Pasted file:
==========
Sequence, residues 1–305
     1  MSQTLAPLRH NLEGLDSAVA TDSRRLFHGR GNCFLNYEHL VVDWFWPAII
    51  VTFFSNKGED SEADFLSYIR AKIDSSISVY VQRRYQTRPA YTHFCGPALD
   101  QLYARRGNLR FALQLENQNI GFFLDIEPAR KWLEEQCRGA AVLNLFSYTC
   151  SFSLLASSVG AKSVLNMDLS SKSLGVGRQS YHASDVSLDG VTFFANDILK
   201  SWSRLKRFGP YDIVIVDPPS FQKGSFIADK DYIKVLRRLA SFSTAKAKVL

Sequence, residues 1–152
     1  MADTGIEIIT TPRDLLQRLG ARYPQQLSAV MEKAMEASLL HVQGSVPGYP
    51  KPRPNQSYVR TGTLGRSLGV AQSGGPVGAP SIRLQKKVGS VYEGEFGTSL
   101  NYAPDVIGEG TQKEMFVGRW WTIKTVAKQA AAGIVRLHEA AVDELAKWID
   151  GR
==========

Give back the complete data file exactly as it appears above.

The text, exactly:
Sequence, residues 1–305
     1  MSQTLAPLRH NLEGLDSAVA TDSRRLFHGR GNCFLNYEHL VVDWFWPAII
    51  VTFFSNKGED SEADFLSYIR AKIDSSISVY VQRRYQTRPA YTHFCGPALD
   101  QLYARRGNLR FALQLENQNI GFFLDIEPAR KWLEEQCRGA AVLNLFSYTC
   151  SFSLLASSVG AKSVLNMDLS SKSLGVGRQS YHASDVSLDG VTFFANDILK
   201  SWSRLKRFGP YDIVIVDPPS FQKGSFIADK DYIKVLRRLA SFSTAKAKVL

Sequence, residues 1–152
     1  MADTGIEIIT TPRDLLQRLG ARYPQQLSAV MEKAMEASLL HVQGSVPGYP
    51  KPRPNQSYVR TGTLGRSLGV AQSGGPVGAP SIRLQKKVGS VYEGEFGTSL
   101  NYAPDVIGEG TQKEMFVGRW WTIKTVAKQA AAGIVRLHEA AVDELAKWID
   151  GR